Lessons in Christ-like love from Ghana

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The Acca Ghana Temple was dedicated in January 2004. (Photo courtesy of LDS Church)

One summer, I traveled to Ghana, in West Africa, for a work assignment. It was a life-changing experience. I was struck by the humility and spirituality of the people in general. Many Ghanaians live in abject poverty, but they are a happy, God-fearing people. One of the first things I noticed when I arrived was that a lot of cars had stickers on their back windows that proclaimed, “God Is Great,” or “Peace Be Unto You.”

Many businesses had scriptures on the front of their buildings and stores were named Biblical themes. One I remember, for example, was “My God is Good” car repair.

A huge billboard on the road into Accra, the capital city, declares in large letters: “Repent!” Underneath it read, “Jesus is coming soon.”

Because of their stark poverty, many of the people I met in Ghana seemed to have every reason to feel bitterness, but they did not. They seemed to have every reason to be discouraged. But they weren’t. They love people, and they love life. For them, it’s not what they can have, but what they can give.

I attended a sacrament meeting and a baptismal service in Ghana and I noticed young Aaronic Priesthood holders wearing white shirts and ties. The members of the Church are faithful, and enthusiastic about the gospel, and they love the Lord. Some walked for miles to attend church. Next to the chapel in Accra is the temple. I learned that Saints from countries throughout West Africa sold everything they had, and risked their lives, to travel hundreds of miles to Accra to do temple work. They would spend a week there, living in an apartment complex owned by the Church near the temple. Their sacrifices for the gospel are inspiring.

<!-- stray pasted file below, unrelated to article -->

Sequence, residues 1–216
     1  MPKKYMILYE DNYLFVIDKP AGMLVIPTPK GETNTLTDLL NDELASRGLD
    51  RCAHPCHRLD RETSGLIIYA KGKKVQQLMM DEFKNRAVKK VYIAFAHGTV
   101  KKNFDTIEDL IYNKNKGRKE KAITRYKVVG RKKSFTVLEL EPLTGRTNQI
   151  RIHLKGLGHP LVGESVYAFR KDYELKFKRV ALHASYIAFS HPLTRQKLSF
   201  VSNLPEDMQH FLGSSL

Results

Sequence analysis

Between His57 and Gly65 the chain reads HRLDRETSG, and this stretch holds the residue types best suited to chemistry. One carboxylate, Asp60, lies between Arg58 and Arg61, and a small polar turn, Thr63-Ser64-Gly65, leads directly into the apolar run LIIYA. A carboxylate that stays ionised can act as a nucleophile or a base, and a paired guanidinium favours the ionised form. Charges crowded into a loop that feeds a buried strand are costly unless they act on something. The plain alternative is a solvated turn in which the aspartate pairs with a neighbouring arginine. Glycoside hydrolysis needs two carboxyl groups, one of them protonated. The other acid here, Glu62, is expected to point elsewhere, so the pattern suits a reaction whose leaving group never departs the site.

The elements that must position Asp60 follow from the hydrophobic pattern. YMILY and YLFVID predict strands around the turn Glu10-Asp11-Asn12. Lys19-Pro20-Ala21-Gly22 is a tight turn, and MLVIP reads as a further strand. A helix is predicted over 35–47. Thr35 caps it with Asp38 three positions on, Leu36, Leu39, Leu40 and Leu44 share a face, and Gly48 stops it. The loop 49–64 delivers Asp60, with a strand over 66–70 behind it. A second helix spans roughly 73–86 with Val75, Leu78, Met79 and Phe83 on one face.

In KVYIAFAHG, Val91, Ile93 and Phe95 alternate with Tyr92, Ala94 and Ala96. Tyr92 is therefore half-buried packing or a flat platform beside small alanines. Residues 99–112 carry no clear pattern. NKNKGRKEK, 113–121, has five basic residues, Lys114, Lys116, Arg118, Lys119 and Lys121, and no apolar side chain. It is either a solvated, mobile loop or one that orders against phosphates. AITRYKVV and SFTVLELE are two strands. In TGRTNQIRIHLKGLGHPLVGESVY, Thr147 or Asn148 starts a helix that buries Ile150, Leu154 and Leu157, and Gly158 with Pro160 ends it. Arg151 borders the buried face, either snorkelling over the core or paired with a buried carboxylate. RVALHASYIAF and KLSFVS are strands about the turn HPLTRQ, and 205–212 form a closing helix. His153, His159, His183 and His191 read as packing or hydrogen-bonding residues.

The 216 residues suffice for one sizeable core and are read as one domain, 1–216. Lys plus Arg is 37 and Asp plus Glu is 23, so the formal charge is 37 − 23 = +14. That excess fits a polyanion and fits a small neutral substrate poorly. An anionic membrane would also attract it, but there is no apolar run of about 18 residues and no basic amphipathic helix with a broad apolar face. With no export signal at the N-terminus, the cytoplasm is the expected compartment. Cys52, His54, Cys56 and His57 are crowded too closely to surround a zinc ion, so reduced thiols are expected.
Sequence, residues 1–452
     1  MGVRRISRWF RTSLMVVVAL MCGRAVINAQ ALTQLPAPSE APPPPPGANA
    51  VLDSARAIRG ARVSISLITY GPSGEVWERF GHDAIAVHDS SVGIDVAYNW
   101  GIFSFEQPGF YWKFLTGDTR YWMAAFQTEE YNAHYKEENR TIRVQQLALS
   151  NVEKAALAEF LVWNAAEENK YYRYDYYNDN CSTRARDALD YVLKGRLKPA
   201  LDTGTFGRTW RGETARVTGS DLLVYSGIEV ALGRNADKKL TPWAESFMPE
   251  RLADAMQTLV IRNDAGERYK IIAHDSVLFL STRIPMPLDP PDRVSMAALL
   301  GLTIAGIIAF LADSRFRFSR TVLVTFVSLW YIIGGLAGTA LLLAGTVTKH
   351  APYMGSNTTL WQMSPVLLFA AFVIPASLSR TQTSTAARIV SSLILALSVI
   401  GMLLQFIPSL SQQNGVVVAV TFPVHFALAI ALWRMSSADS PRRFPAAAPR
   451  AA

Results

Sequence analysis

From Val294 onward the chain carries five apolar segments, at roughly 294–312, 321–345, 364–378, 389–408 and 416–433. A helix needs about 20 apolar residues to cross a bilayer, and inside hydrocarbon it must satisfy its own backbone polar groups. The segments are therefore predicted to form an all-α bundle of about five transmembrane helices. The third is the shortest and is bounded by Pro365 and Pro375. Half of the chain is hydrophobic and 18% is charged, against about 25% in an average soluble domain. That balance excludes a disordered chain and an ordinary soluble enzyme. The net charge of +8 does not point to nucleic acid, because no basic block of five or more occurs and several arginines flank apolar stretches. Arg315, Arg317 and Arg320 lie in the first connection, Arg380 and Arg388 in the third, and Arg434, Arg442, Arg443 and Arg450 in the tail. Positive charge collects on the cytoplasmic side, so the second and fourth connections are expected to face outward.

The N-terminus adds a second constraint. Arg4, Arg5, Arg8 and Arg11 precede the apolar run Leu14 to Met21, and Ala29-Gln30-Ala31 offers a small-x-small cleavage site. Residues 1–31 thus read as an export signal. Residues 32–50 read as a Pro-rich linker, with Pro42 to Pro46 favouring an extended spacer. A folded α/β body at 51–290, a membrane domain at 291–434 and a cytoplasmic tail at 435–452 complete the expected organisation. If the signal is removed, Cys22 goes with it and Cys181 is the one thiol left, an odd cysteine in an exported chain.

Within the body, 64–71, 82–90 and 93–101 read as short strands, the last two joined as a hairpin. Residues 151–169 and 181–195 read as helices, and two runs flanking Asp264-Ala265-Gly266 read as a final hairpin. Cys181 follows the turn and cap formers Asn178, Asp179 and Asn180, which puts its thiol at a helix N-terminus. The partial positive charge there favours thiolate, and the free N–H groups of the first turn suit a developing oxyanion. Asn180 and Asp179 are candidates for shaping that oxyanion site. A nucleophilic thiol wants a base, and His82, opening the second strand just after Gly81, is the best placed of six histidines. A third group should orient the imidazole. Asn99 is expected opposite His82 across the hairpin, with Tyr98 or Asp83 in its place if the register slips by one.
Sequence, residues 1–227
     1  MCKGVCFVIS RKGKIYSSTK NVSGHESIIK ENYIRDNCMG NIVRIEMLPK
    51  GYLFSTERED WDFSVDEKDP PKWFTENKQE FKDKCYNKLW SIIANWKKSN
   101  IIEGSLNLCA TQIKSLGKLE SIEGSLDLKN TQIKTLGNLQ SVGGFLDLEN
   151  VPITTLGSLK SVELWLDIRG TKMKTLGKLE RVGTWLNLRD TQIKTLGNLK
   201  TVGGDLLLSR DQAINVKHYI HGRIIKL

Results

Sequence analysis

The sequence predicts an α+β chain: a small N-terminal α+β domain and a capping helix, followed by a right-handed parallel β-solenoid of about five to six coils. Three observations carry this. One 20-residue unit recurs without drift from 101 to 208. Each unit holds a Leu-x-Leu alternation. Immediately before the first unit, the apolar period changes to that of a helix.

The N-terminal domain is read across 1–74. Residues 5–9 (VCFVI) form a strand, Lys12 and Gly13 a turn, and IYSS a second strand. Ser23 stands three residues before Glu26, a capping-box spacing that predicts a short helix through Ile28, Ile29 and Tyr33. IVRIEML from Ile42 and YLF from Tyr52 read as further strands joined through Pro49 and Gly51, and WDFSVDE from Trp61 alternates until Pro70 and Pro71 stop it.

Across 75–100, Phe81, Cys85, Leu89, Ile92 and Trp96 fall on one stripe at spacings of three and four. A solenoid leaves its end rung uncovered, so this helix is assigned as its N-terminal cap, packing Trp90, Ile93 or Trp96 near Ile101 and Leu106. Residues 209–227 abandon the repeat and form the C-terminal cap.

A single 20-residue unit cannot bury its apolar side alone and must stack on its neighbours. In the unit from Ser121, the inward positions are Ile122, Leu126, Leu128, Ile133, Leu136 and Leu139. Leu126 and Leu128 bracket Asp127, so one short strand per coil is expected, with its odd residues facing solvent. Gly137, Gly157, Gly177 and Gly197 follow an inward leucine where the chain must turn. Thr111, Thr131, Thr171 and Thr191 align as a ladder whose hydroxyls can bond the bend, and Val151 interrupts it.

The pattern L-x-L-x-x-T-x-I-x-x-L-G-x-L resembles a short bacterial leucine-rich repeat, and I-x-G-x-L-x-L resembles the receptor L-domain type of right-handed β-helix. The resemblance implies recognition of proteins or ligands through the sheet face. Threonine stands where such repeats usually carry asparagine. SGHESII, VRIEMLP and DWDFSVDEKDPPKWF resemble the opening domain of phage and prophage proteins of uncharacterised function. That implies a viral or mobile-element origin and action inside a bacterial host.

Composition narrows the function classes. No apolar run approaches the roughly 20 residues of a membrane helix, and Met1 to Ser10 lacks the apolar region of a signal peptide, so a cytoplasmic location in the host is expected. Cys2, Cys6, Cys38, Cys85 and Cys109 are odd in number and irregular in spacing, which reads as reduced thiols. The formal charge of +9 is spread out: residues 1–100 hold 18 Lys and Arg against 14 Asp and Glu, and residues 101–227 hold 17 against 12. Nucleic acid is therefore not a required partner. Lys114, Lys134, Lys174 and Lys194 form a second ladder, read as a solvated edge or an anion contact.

Jeff Call and Hadji in Ghana. (Photo courtesy of Jeff Call)

We visited a school in Ghana made of cement and surrounded by dirt roads. There were no glass windows, no electricity, no plumbing. The children of that village were very poor. But when my group from the United States arrived, the dozens of children that attended the school excitedly welcomed us, smiled, asked our names, asked us questions, and hugged us. They loved it when we took pictures of them.

Others in my group visiting from the United States had brought boxes and bins filled with books, school supplies and toys for the children, for which they expressed profound gratitude.

One 7-year-old boy, named Hadji, for some reason took a particular interest in me. The purpose of my trip was to write stories, so I didn’t bring much of anything, other than some pieces of butterscotch candies from Wal-Mart that I had in my pocket and handed out.

I found that this young boy, Hadji would cling to me, hold my hand, and talk to me constantly. We spent two days at the school and before we left, he came up to me with tear-filled eyes and said in his broken English, “Please don’t go.” Then he began to cry.

A 15-year-old American girl in my travel group asked me why the boy was crying. I told her it was because he didn’t want us to leave. Then she started crying. This boy didn’t know me, but he treated me like he loved me. I couldn’t help but feel love for him as well. I thought that maybe I should bring him home with me. When you have six boys, what’s one more?

Even though the gift seemed nonsensical, it made perfect sense to me. He unwittingly gave me something that had special significance.

At one point just before we left, Hadji came running to me with something in his small hand. I bent down and he whispered to into my ear, “Good luck. I love you. I will never forget you.” Then he placed into the palm of my hand a wadded-up piece of newspaper. He then turned and ran away. I unfolded the paper, and it didn’t seem to have any significance, other than I work for a newspaper, though the boy did not know that. Even though the gift seemed nonsensical, it made perfect sense to me. He unwittingly gave me something that had special significance.

Still, I was puzzled as to why he would give me a wadded up piece of newspaper. I asked one of the teachers why he gave the wadded up piece of newspaper to me. She said, “That’s probably the only thing he had to give you. He wants you to have it as a way to remember him.”

I felt a lump in my throat, realizing I probably would never see the boy again in mortality. He gave all he had. And so I’ve kept the wadded up piece of newspaper.

Hadji taught me a memorable lesson about unconditional, Christlike love.

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Jeff Call has covered BYU sports since 1993, including the past 16 years for the Deseret News. He, his wife and six sons live in Cedar Hills.

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